Superintendent returns to her teaching roots

Lesson: State schools chief Nancy S. Grasmick conducts a reading lesson in Baltimore County, keeping in touch with children.

March 27, 2001|By Lynn Anderson | Lynn Anderson,SUN STAFF

She gave her pupils positive feedback -- and challenged some of the more eager ones to sit quietly until their classmates caught up. At the end of the lesson, she passed out autographs and hugs.

State Superintendent of Schools Nancy S. Grasmick returned to her teaching roots yesterday when she visited Pine Grove Elementary School in Baltimore County and taught a reading lesson to a group of fourth-graders.

"I love interacting with children, and it helps to keep me focused," said Grasmick at the end of a half-hour lesson. "It energizes me to see the faces of real children ... and to meet with real teachers and real parents."

Grasmick visited Pine Grove, in Carney, as a courtesy to a friend, Eva Joyce, who teaches at the school and is the daughter of former Baltimore County Board of Education President Calvin D. Disney.

The superintendent came to visit with Joyce's pupils, too.

Grasmick asked the children, who were reading a story about the life of Walt Disney, to tell her what he had to do early in his career to get a job as a cartoonist, his dream career.

Keren Cho, 10, who with the rest of the class has been studying the link between "cause" and "effect" in language, told Grasmick that Disney left Chicago, where he lived with parents, and moved to Kansas City.

"Wait until I tell Mrs. Joyce what beautiful work you're doing," Grasmick told Karen, who grinned in response.

Still, Grasmick knew when to be stern, such as when hands went shooting up to answer a question and not every member of the group was ready to listen.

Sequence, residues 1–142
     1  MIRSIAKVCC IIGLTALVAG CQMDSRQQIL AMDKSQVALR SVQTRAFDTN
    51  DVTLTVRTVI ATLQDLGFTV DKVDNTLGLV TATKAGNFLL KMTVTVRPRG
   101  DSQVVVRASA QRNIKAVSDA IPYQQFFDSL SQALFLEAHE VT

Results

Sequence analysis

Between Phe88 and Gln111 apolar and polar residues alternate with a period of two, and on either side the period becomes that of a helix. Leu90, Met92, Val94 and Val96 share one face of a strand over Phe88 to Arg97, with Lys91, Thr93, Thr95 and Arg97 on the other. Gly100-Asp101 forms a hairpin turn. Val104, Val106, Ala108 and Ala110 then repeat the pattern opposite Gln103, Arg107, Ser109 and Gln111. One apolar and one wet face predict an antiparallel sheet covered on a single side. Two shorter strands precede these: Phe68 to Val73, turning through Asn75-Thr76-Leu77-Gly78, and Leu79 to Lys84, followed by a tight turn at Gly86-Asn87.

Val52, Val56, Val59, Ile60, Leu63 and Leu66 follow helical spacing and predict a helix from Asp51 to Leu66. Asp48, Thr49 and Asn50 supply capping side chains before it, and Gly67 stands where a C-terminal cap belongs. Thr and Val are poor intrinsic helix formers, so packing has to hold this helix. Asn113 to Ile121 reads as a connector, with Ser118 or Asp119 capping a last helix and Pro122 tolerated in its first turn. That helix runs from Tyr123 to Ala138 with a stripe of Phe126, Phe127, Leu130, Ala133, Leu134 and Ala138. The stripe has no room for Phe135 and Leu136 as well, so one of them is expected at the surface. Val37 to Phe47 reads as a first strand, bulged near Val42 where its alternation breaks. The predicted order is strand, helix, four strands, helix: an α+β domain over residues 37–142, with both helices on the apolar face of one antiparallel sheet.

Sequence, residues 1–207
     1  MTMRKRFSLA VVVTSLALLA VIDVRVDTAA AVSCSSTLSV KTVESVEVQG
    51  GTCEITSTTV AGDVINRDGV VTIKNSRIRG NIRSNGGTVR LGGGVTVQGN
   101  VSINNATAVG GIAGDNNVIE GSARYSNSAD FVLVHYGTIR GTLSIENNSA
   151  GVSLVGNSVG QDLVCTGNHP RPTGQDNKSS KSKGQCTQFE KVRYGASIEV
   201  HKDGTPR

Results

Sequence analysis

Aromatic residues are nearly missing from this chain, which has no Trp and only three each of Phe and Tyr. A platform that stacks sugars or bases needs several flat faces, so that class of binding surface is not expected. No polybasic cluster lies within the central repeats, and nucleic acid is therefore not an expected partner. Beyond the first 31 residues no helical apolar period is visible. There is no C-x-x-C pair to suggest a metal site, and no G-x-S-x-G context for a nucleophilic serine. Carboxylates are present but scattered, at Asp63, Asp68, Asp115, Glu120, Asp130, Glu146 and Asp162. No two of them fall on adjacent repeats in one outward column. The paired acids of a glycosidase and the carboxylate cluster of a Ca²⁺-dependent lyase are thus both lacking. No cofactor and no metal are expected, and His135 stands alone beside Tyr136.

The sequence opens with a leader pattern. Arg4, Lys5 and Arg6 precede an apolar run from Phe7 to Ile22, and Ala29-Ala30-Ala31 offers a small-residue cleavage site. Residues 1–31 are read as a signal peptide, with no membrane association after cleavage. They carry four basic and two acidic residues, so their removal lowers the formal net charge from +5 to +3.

"Take your time," she told the fast ones. "We can be patient, can't we?"

Children were clearly taken with Grasmick, whom they greeted with a bouquet of tulips and an oral review of many of the high points of her career.

During the brief lesson, they listened to her remarks and tried hard to impress her with their reading skills.

"I thought she definitely did a good job," said Stephen Grabner, 9, a connoisseur of teaching methods. "She gave a good description of everything, and she made everyone feel very special. She gave really good compliments."

Grasmick visits 100 schools every year and rarely misses a chance to get up in front of a group of students, she said. Recently, she's taught groups of elementary, middle and high school students.

"The hard part was that the Periodic Table had changed," she said of the day she taught high school chemistry.

For Joyce, who has been a teacher for six years, Grasmick's visit represented a chance to see a teaching professional in action.

"She is so genuine about children and how they are learning," said Joyce, in her first year at Pine Grove after five years at Hawthorne Elementary School. "I look up to her because of all the fighting she does for us, for teachers and for schools that need the help."

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